Today, April 10th, is National Youth HIV and AIDS Awareness Day. It's a day when we all should stop and pause for a moment to reflect on the importance of our nation's young people and the impact that HIV continues to have on their lives. In 2015, youth between the ages of 13 and 24 accounted for 1 in 5 new HIV diagnoses in the United States.
Young people are both our nation's present and our future. Ensuring that our youth remain healthy is particularly important. They are bringing new ideas, perspectives, and energy that are creating change today and will shape the future. They are tomorrow's leaders, tomorrow's professionals and workers, and tomorrow's parents and grandparents. They should not have to be tomorrow's people living with HIV.
Having the Conversations
We have the tools we need to achieve an AIDS-free generation -- in which AIDS is no longer a threat to life and health and new HIV infections are rare. In order to get to that point, we must give young people accurate, actionable, and age-appropriate information so that they have the knowledge and skills they need to protect themselves and their partners from HIV, viral hepatitis, and other sexually transmitted infections. Schools and healthcare providers are essential sources of information, but parents and families have the chief responsibility for communicating with their children about risks and prevention. This is not an easy job, but there are some excellent resources and tools that can make these conversations a little easier and more effective.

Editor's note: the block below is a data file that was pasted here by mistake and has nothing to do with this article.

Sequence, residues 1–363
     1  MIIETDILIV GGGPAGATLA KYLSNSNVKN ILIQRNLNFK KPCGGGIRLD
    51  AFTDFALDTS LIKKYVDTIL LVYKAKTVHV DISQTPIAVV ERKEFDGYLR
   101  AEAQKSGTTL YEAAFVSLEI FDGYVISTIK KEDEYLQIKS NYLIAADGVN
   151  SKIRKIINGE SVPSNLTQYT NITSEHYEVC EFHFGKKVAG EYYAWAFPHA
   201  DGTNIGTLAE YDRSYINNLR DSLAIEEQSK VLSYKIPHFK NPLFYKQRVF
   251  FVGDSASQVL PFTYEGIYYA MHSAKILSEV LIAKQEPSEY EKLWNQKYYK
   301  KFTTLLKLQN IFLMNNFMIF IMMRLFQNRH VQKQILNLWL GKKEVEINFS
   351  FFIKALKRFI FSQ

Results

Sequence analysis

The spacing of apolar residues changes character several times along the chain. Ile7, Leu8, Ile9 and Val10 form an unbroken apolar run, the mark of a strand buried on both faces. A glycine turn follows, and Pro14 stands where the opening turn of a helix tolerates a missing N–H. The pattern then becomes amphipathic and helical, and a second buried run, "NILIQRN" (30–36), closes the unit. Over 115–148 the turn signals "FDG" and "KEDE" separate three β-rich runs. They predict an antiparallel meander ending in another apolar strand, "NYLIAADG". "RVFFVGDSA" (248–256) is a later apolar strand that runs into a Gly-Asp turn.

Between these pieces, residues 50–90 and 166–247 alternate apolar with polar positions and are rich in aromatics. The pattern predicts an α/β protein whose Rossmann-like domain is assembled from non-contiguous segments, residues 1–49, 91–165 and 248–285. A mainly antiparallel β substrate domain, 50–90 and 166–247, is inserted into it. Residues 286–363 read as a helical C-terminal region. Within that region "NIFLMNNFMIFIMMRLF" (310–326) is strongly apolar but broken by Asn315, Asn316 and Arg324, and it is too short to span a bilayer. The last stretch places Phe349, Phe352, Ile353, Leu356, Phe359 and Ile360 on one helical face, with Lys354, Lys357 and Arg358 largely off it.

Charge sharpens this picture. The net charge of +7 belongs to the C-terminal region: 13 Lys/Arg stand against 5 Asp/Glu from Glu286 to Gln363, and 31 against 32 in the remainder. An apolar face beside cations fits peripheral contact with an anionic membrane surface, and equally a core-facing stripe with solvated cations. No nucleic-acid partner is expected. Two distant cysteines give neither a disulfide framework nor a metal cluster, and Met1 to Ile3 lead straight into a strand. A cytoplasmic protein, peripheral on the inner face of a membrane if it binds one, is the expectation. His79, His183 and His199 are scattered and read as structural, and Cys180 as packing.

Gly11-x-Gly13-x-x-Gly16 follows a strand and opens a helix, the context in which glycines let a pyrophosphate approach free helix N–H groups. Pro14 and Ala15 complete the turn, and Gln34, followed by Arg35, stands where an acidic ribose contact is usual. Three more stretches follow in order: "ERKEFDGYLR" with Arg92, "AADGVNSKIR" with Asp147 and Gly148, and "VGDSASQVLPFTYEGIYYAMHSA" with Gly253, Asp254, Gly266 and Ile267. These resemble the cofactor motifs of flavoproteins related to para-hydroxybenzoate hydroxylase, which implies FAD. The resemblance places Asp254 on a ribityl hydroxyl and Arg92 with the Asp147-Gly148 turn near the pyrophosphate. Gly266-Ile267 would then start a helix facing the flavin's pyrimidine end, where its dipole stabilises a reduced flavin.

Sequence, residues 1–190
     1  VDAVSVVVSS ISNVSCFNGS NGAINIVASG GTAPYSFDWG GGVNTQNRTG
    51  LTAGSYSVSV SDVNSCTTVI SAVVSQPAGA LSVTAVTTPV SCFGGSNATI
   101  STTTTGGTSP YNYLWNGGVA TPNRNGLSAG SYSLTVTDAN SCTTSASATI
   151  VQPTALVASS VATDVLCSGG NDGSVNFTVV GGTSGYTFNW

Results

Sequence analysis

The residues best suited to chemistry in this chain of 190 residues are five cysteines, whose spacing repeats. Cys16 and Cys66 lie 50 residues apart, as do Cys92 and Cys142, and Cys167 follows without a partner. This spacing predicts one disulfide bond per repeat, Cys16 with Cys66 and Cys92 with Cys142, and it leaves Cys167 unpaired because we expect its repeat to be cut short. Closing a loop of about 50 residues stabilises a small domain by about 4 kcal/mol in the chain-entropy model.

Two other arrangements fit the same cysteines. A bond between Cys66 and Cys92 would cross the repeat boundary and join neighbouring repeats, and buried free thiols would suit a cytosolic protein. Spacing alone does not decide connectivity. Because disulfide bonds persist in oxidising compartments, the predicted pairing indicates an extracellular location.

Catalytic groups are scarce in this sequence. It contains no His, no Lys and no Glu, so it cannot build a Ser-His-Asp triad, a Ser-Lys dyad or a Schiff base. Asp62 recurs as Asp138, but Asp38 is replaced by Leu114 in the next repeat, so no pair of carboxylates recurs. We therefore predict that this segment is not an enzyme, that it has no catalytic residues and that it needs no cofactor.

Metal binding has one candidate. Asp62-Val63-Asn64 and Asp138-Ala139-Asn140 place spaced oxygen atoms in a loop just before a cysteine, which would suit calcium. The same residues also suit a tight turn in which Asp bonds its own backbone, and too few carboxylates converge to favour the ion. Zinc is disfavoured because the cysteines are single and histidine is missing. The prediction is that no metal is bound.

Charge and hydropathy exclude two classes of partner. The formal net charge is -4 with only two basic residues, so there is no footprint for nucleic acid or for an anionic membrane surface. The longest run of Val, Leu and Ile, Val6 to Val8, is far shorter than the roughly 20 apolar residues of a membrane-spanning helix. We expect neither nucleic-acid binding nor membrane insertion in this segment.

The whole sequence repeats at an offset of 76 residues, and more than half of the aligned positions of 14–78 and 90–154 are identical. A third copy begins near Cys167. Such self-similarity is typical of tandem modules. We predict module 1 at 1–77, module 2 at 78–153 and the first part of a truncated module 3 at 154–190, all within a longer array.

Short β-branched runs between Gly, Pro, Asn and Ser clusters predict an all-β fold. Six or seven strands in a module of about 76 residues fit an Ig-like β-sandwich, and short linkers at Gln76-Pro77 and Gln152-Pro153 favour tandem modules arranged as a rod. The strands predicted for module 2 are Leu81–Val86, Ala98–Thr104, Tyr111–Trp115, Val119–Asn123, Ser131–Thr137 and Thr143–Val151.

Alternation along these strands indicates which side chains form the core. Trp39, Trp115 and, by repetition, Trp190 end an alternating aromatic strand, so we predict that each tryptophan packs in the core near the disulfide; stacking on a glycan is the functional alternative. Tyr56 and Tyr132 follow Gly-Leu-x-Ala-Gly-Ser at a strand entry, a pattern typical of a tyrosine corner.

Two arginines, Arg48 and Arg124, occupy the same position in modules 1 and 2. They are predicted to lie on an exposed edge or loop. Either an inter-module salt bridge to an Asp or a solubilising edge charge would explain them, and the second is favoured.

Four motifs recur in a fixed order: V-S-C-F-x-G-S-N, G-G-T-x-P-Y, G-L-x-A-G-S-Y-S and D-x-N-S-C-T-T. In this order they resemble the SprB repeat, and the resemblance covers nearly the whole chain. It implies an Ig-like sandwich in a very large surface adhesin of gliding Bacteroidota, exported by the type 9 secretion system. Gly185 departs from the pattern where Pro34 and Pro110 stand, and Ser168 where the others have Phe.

Protecting Youth from HIV
Making sure that young people have the facts about HIV is essential. At the same time. the most important thing we can do to protect them from acquiring HIV is to improve outcomes for people already living with HIV along the HIV care continuum.
We've known for decades that people who know they are living with HIV are less likely to transmit the virus than those who don't know their status. We now have convincing long-term evidence from a major research study (HPTN 052) that individuals who start HIV treatment early have a 93% reduction in the risk of transmitting HIV to an HIV-negative partner.
What's even more important is what this and other studies have reported about the effects of treatment for those who achieve viral suppression: multiple studies have failed to identify a single case of HIV being transmitted by someone with a suppressed viral load. Increasing viral suppression among people living with HIV, regardless of their age, protects our youth and the entire nation by reducing the number of people who have higher viral loads that drive HIV transmission.
Young people who are at risk for HIV infection, and those who are living with HIV, have unique needs and experiences that we need to consider. Young people living with HIV are least likely to know their status, and they are least likely to have achieved viral suppression. We need to provide HIV testing to more youth with undiagnosed infection, improve linkage and retention in HIV medical care, provide them with access to HIV treatment, and increase viral suppression. All of these steps will play a major role in protecting our young people -- and the entire nation -- from HIV infection, and at the same time improving the health of people living with HIV and further reducing HIV-related deaths. Their future -- and ours -- depends on it.
Learn more about resources for National Youth HIV and AIDS Testing Day at AIDS.gov.
Richard Wolitski, Ph.D., is director of the Office of HIV/AIDS and Infectious Disease Policy, U.S. Department of Health and Human Services.